Brussels, 22 November 2018: According to Eurobarometer, more EU action on health is a top demand for 70 percent of Europeans. A healthy workforce is the backbone of a healthy economy. And health is a key enabler across each and every Sustainable Development Goal (SDG) that the EU has committed to.
That’s why it is important that health and well-being be a priority for the next Commission, when there is so much the European Union can do to improve the well-being of its citizens.
This was the focus today at the launch event of “All Policies for a Healthy Europe” (AP4HE), a new intersectoral initiative supported by a diverse group of MEPs, NGOs, associations, and companies to ensure that citizens’ health and well-being be included as a core priority in the upcoming European elections.
The need for the “All Policies” approach comes from acknowledging that every policy – be it on defence, migration, economic growth, labour, digitization, education, the environment – has repercussions on human health and well-being. Each policy has the power to impact well-being for better or for worse. This initiative calls on policy makers to recognize this power and ensure that data and governance mechanisms are in place so it is used for the benefit of citizens.
The initiative has come together to help bridge silos across sectors towards the common goal of building a collaborative, humane, and holistic approach to health and well-being, in order to strengthen the European economy in an inclusive and sustainable way.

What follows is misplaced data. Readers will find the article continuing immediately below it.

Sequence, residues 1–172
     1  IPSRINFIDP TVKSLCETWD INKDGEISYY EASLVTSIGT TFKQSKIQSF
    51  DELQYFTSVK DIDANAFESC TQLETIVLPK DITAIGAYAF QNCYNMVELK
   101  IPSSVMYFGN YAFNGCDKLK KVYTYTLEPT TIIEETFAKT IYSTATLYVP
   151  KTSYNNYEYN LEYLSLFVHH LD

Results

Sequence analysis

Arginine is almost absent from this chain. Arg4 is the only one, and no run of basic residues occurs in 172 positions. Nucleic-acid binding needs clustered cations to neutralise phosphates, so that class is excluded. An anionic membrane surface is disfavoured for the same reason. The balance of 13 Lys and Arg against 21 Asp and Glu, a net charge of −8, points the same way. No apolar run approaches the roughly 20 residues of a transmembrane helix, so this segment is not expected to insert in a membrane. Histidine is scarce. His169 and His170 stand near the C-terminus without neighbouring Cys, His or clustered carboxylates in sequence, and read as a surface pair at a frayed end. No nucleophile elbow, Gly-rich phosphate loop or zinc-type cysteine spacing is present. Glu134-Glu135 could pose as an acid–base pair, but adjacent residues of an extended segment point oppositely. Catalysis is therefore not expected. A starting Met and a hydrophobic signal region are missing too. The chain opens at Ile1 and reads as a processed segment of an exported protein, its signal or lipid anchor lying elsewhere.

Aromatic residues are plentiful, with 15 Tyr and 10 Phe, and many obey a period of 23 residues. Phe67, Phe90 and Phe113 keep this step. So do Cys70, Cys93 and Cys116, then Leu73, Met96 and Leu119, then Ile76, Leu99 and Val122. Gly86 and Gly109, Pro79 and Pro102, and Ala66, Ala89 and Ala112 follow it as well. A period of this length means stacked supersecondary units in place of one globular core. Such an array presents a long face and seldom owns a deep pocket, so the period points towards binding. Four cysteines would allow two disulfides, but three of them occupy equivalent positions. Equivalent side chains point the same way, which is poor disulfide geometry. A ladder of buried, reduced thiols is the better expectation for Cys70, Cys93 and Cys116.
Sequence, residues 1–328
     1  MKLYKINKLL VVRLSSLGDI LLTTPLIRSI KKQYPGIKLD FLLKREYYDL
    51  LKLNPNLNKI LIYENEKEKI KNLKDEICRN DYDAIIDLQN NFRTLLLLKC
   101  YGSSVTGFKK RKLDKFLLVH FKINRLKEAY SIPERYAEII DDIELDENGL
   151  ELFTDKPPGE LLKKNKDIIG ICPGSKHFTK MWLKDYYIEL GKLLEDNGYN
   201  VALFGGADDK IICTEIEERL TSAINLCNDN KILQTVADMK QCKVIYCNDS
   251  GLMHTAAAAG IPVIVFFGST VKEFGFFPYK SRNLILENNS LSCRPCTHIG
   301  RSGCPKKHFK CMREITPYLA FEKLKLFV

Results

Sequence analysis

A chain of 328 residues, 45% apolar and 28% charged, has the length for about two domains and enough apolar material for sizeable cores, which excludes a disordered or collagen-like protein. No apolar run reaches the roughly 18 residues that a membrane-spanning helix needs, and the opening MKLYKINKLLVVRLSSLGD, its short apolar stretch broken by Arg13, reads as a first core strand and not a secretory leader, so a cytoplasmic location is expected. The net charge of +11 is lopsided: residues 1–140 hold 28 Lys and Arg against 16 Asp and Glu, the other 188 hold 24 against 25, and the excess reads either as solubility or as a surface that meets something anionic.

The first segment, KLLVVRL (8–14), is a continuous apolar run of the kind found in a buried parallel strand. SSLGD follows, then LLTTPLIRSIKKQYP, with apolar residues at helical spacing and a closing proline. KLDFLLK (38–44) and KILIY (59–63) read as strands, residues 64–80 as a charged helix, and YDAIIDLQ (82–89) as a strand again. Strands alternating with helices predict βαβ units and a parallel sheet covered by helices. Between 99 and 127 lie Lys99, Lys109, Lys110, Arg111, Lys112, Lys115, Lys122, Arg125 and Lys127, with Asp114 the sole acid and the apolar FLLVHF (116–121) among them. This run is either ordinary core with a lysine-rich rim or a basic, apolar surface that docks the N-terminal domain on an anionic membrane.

Lieve Wierinck MEP (ALDE, Belgium), who hosted the meeting, said that “the health and well-being of people must be central to any model of inclusive growth and sustainable development. If Europe cares about sustainable development, it should care about health and well-being.”
A Manifesto for a Healthy Europe is in development and will be released early next year. It will consider the need and societal benefit of having a European Commission Vice-President to be responsible for intersectoral action on health and well-being. Proposals also include monitoring of well-being across the EU and using health & well-being impact assessments for new policies and legislation.
Karen Kadenbach MEP (S&D, Austria) recalled that “the EU treaties already state that people’s health should be ‘ensured in the definition and implementation of all Union policies and activities. The question is why does this not happen already”.
In 2017, the European Commission’s White Paper on the Future of Europe called into question the added value of EU level cooperation on health. The AP4HE initiative seeks to turn that reasoning on its head: not only should existing EU action on health be maintained, value for citizens lies in all policy areas paying more attention to health and well-being.
Andrey Kovatchev MEP (EPP, Bulgaria) said that “health is a top priority for voters in all Member States. We cannot build Europe on short-sighted economics. Europe is about more than a common market and currency. If we are to win voters’ support, we need to show that Europe cares about the things that matter to citizens”.
Erika Widegren, Chief Executive of Re-Imagine Europa, welcomed the invitation to work with other collaborating organisations to build a new agenda for a citizen-centred Europe based on an inclusive and sustainable economic model.
Brian O’Connor, Chair of the European Connected Health Alliance, also saluted the importance of working with partners to leverage the potential of big data and AI to support the digital transformation of health and well-being in Europe.
Nicola Bedlington, Secretary General of the European Patient’s Forum (EPF), said in this critical pre-election period, we must reaffirm our determination and ambition to ensure health is a priority in the European Union. EU collaboration in health is essential to meet the crucial needs of patients' communities throughout Europe, and make sure the patients’ voice – and what really matters to patients – is heard in EU policies.